Lunch was Lovely – Thank You Letter to Dr. Deeken

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Dear Dr. Deeken,

I am so glad you accepted my invitation and am even happier that we made that lunch date happen!

I would like to apologize for taking so long to write this letter. Life just has a way of getting away from me. Before we met, I promised to limit my questions to 10. I hope I was able to keep that promise. There were just so many things I wanted to discuss.

When we sat down and I had a chance to tell you that my friends were all jealous of our lunch date, you said that you hoped, “We were not underwhelmed” by your responses. (Clearly you did not see how starstruck I was to be dining with THE Dr. Deeken.) 

As always you listened, shared, taught, and inspired me.

One of the questions I asked was “What was your favorite advice for parents?”

Your sweet and smart responses of “Enjoy each and every stage of childhood, (speaking from personal experience),” “Don’t sweat the small stuff”, and “Don’t let kids dictate; You’re the parent. You’re not the friend” were true to the doctrines of appointments heard by thousands of parents and still need to be shared daily.

The fact that you have 10 children of your own is still one that awes me. The fact that you carried a panel of about 2000 patients floored me. When asked how you managed, you gave tremendous credit to your husband and said something that too many of us feel in the healthcare and educational professions, “I short-changed my family. You can’t get time back.” In learning that you often took your charts home to finish each night, after making your hospital rounds and full days of check-ups and medical emergencies, it’s no wonder you felt spread too thin. I think it’s fair to say that you did a marvelous job of tackling some tough stuff. Continue reading “Lunch was Lovely – Thank You Letter to Dr. Deeken”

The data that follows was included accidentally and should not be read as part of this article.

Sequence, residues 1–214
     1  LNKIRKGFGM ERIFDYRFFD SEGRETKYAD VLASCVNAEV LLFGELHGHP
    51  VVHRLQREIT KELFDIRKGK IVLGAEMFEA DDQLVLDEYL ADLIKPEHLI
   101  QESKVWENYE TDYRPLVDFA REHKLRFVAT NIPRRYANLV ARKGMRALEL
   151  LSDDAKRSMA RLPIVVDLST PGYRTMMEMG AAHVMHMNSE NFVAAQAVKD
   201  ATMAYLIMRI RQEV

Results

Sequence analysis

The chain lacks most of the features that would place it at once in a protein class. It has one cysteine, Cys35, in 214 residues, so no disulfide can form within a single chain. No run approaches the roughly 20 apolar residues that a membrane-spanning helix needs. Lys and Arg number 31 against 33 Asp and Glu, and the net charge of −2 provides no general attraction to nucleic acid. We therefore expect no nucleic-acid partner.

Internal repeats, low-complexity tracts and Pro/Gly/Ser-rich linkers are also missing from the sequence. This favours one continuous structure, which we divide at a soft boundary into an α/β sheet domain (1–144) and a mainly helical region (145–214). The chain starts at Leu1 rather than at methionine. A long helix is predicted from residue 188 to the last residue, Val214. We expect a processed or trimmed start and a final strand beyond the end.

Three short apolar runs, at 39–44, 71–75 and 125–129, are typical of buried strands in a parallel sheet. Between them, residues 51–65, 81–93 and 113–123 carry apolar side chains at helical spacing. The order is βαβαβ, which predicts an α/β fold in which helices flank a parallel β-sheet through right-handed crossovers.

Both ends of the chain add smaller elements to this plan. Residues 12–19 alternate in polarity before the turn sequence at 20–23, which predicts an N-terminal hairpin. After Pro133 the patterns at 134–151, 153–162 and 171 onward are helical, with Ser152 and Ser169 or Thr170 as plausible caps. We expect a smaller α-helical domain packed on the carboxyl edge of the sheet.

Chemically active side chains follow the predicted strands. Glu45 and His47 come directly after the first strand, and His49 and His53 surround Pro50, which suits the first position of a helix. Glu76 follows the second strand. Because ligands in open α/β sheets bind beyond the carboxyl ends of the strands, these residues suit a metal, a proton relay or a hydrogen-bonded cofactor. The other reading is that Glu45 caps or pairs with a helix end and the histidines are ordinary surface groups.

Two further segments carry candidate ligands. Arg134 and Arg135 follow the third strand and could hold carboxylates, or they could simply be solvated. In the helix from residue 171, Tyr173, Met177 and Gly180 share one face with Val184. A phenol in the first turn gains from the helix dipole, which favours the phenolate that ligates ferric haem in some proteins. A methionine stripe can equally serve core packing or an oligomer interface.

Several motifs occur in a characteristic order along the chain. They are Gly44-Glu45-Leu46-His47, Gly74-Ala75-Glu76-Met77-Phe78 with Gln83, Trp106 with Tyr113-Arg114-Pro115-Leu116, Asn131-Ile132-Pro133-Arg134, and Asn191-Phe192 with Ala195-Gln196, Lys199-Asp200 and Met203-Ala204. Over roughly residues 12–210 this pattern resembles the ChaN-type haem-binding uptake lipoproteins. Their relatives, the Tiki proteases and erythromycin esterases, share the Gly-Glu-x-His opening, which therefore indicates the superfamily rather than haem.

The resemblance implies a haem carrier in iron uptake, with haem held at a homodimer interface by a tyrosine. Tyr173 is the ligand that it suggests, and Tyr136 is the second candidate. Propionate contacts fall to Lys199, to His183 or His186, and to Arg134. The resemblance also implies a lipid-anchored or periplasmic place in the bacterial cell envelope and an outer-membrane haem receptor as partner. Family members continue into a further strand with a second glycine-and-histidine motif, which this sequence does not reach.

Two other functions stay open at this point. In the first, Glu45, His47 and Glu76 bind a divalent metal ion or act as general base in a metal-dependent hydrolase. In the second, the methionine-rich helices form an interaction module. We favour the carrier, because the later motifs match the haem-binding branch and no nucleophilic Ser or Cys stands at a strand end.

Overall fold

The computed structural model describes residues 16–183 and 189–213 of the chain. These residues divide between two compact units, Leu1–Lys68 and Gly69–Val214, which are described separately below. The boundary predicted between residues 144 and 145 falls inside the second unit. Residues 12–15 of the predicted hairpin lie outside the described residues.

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Stars Can’t Shine Without It – Wise Words Wednesday

Stars Can't Shine

Darkness gets a bum wrap.

Many are afraid of the dark.

All too often we describe the tough times in life as the dark times.

The Dark Ages is a term assigned to the days after the fall of the Roman Empire and the years of struggle within the church for guidance and acceptance because of the uncertainty and haphazard rule of warring leaders. People felt lost, scared, and hopeless.

Even Star Wars warned us to not got to the “dark side.”

If it weren’t for the dark, the stars would not shine.

When life hands us lemons, we say, “Make lemonade.”

So why not do the same with tough times?